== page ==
Evolving Art

Symmetry always has its own visual appeal. While form and balance seem to tie together in most artistic creations, the sentiment that they bring out in art enthusiasts is more than just a geometric phenomenon. Since May 21, 2002 the Nickle Arts Museum saw the development of a perfect harmony; a performance piece called Fidelity √Člite.

The gallery’s farthest wall hangs approximately 50 black and white photographs of different objects in a serial display. Images of two molding pears, a camera breaking down, and three film holders, each occupying a row across the wall seem a bit too random upon first glance. However, these well-aligned photographs show the daily stages of the pears decaying, the camera slowly being taken apart, and the film holders being layered by thick paint. Further examination reveals that together they display a progress of de-evolution on the left, and a continual evolvement on the right, each extending to the corners of opposite directions, with newly developed photographs continually being added.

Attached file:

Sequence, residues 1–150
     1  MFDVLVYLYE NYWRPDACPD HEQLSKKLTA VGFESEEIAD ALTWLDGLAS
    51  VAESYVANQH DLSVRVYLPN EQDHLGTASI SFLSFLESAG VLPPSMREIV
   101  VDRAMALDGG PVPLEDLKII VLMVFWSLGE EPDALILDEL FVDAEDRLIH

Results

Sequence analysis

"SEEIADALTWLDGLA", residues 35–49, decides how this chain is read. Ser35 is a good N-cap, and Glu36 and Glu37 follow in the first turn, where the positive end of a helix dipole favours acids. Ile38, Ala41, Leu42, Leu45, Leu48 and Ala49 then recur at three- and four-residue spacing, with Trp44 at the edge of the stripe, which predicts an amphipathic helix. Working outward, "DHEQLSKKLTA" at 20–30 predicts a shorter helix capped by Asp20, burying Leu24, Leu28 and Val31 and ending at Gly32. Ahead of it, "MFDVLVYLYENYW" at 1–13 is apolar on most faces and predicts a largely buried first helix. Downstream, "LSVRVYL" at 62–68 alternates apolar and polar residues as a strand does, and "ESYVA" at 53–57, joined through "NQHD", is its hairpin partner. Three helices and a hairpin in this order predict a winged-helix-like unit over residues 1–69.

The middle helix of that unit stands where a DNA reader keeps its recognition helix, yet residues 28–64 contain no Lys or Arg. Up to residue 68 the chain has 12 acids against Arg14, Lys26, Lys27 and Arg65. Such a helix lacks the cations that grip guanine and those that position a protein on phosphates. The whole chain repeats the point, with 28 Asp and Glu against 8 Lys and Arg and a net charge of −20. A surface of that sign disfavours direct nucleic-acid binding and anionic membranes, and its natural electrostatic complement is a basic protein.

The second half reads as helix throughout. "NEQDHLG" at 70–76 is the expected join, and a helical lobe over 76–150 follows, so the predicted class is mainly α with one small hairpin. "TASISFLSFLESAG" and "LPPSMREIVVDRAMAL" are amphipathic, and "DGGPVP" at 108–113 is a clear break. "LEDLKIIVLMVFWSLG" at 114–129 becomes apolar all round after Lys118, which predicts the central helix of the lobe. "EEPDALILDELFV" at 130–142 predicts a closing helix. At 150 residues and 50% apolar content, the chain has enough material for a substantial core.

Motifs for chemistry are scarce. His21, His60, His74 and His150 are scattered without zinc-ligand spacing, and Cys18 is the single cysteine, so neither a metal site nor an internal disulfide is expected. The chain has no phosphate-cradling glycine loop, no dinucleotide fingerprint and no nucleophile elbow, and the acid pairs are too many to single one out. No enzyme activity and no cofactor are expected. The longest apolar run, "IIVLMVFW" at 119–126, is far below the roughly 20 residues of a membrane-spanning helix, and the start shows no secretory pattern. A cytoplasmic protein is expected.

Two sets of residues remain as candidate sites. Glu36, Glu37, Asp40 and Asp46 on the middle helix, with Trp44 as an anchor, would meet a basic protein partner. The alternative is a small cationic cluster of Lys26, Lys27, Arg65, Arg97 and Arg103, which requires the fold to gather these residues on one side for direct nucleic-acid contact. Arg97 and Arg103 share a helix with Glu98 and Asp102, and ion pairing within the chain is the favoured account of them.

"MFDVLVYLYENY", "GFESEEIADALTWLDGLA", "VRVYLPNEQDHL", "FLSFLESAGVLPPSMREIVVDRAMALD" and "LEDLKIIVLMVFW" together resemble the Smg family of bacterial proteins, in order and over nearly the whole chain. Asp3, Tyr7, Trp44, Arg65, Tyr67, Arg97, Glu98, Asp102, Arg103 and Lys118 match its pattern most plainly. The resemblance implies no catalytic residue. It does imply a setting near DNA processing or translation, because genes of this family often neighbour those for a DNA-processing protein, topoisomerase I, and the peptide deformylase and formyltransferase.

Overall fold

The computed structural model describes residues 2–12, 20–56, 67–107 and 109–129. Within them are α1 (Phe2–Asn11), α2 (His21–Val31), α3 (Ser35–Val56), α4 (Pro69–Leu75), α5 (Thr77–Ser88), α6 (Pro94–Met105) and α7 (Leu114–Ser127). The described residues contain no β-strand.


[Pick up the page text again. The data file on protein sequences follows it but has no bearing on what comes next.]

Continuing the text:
The idea came to the mind of photographer Arthur Nishimura when he was taking pictures of Eric Cameron’s thick painting (a form of sculpture built by gradual additive layering of paint on objects).

"You always see the final product, but never the intermediate places of the process," Nishimura explains. "I wanted to establish the process in a more concrete way. To me, the process is always the most interesting thing."

The fusion of two talents took its course in this cooperative series of work. Each day Cameron comes into the gallery and paints alternating layers of color to the film holders; Nishimura arrives afterwards to take precisely seven one-take-only pictures of each object, including his own disassembly of an old camera. Together they create a piece that stresses on development rather than completion.

"Coming from an Eastern culture, you look at the way you fit in, not just as a complete human being, but rather how you develop into it," says Nishimura. "’It’s the journey, not the destination’-and all that clich√©."

With the dates clearly printed on each picture, viewers feel like they’re participating in the process when they follow the photographs down the wall. Some even find themselves returning time after time to see how the art pieces are maturing.

"It’s not a traditional exhibition, it’s a performance piece. Things you see aren’t static," adds Nishimura. "In fact, change is something [people of the East] don’t question. They say, ‘there’s nothing absolute except change.’"